the flowability increasing with the distance the 35 of to below 180° C. and preferably below 140° C.
layer is removed from the metal surface. This
characteristic of an acid ?lm varying in ?ow
ability as well as temperature outwardly from the
metal surface is an important feature of my
the corrosion may be substantially prevented be
cause a ?lm of appreciable thickness will be
formed on the metal surface. Consequently the
acid at the interface of the metal and the acid
process.
I
40 ?lm would be of such low temperature due to
By way of further explanation it may be stated
the temperature drop across the ?lm that corro
that the acid deposited upon the cooled metal
sion is substantially eliminated.
surfaces is pure and uncontaminated with solids
In the application of this discovery to the here
as in prior art processes.
The presence of a pro
tective viscous layer of phosphoric acid upon the
metal cooling surfaces is dependent solely upon
in described process I provide a surface of
. chrome-nickel alloy or other suitable metal with
the high strength of the acid thus deposited.
Metals which may offer satisfactory resistance
to corrosion at the temperatures which prevail at
the metal-liquid interface when strong phos 50
phoric acid is maintained as a viscous ?lm on
a ?lm of viscous acid' of such viscosity and
strength as to be within the herein described
limits. I maintain the viscosity and temperature
of the ?lm of acid by the application of a cool
ing ?uid to the chrome-nickel alloy in a manner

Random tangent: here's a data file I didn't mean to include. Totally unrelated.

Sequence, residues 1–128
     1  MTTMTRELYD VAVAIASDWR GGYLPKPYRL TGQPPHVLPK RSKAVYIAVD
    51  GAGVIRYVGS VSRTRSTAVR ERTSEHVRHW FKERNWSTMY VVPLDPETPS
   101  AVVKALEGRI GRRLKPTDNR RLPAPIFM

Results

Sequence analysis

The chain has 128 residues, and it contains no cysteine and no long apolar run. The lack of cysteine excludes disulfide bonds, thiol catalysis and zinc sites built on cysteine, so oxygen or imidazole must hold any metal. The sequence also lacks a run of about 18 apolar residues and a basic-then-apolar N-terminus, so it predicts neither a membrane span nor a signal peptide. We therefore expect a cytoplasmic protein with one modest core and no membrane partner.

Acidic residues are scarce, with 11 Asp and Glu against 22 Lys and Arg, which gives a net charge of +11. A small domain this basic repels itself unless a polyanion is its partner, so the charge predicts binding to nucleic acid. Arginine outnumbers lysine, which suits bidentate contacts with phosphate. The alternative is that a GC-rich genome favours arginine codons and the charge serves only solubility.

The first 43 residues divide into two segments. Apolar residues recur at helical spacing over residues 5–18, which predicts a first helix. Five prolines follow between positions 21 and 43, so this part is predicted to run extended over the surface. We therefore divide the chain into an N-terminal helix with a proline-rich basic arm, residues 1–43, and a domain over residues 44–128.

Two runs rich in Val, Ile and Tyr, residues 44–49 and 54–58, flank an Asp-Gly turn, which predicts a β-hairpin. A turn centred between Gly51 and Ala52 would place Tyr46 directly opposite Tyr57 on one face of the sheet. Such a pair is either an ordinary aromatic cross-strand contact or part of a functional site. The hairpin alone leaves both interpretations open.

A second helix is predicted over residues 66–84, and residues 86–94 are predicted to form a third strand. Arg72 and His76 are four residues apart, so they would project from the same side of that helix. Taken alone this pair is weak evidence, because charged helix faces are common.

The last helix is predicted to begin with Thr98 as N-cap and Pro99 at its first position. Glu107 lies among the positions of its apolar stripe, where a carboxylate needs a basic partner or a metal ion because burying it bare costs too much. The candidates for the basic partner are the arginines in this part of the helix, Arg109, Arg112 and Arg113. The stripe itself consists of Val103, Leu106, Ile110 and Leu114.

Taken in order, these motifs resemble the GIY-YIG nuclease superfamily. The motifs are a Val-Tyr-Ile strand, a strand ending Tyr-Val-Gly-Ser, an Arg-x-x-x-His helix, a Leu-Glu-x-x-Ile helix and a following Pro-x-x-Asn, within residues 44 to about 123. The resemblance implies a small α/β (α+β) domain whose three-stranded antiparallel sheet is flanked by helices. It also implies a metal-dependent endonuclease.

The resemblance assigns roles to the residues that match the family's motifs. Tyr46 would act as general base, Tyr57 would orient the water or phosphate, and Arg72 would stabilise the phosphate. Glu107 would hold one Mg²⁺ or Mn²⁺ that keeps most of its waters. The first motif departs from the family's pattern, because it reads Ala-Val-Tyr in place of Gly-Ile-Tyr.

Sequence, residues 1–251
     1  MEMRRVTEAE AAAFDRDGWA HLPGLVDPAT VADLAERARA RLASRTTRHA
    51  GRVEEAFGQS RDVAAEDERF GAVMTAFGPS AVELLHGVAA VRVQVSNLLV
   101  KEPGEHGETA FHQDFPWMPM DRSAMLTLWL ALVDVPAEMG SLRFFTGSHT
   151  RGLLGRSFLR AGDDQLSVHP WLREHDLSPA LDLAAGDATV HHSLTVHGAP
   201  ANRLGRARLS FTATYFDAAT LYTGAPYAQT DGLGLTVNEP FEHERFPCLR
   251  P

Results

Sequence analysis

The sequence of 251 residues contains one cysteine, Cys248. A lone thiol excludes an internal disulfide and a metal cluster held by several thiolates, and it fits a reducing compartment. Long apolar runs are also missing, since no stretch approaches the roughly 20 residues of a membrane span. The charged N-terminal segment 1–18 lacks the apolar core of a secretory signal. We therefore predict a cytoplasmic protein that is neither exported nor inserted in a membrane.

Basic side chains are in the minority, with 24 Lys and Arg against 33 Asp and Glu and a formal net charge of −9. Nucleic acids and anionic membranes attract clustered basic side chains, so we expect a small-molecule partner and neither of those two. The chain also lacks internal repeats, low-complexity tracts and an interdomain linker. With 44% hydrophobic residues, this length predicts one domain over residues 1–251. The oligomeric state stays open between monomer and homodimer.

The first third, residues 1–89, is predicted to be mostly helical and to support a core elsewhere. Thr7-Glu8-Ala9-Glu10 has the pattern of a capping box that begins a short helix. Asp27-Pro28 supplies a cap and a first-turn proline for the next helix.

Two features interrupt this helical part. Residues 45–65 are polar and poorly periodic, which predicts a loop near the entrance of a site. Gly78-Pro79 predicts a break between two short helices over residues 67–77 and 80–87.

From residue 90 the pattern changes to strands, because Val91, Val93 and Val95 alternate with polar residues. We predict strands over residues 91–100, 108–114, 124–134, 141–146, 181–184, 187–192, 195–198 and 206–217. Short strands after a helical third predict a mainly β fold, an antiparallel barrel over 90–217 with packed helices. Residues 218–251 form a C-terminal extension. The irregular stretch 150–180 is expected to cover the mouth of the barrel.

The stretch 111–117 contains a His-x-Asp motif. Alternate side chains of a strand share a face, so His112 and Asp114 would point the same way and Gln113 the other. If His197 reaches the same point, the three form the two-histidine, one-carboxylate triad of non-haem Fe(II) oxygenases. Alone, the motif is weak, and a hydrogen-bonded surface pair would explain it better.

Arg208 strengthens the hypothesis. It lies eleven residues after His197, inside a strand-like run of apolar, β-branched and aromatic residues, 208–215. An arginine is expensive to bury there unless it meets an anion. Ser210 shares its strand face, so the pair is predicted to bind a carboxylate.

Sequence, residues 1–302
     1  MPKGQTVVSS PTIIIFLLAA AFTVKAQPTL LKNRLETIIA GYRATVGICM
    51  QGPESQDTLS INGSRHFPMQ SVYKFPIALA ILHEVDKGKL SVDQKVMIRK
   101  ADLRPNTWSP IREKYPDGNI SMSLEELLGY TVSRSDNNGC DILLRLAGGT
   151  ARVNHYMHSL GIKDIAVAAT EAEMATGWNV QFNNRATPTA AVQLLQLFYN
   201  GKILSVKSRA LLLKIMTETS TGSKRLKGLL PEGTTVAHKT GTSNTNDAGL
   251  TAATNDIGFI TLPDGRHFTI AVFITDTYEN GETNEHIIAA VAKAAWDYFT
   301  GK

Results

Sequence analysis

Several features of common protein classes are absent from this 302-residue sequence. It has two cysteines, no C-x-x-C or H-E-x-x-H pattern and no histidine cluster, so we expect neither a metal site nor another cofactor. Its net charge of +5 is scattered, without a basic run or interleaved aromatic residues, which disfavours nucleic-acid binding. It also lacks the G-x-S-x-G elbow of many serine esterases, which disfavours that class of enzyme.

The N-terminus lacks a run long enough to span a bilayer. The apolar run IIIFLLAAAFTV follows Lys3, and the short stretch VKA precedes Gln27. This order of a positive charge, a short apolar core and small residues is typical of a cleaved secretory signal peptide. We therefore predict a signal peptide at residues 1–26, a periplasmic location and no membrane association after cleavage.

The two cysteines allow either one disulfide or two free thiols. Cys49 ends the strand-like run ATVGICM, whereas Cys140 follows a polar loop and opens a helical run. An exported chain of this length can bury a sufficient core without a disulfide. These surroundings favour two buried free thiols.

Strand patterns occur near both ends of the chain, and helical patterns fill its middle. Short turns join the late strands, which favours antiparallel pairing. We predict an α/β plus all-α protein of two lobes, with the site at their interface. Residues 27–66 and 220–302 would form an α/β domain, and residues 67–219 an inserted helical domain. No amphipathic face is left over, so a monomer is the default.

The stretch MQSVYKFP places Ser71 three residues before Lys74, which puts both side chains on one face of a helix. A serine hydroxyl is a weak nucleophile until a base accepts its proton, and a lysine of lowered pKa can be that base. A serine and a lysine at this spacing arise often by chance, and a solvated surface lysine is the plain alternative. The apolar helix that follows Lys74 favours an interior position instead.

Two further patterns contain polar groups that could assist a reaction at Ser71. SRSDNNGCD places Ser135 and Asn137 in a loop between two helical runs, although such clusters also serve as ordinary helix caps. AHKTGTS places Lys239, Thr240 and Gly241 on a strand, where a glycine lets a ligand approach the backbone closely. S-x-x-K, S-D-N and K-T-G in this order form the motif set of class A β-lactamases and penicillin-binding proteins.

“to be hereinafter more fully described.
the surface of the metal, according to my inven
Referring to Figure 1 of the drawing, I have
tion, comprise nickel-chromium steels with or
shown by numeral in a brick-lined combustion
without silicon, titanium, molybdenum or man
chamber provided with an inlet pipe II by. which
ganese, alloys containing a high percentage of 55 molten yellow phosphorus is supplied to said
nickel and certain casting alloys which maybe
chamber. By means of pipe I2, I introduce a
combinations of iron and silicon or complex mix
quantity of previously humidi?ed air from a
tures of iron with nickel, chromium, copper mo
source not shown, the quantity of air thus sup
lybdenum, manganese, tungsten and silicon. Al
plied being so proportioned with respect to the
though pure nickel itself is unsuited for the pres
phosphorus supplied by pipe II, that a substan
ent purpose, its alloys, especially those which 60 tial excess of oxygen over that required to burn
contain iron, copper or ‘chromium, are suitable.
such phosphorus is present in chamber 10. The
Monel metal is particularly valuable for this pur
amount of water ‘carried by said humidi?ed air is
pose.
such that an acid having a strength of from
In accordance with the' present invention, I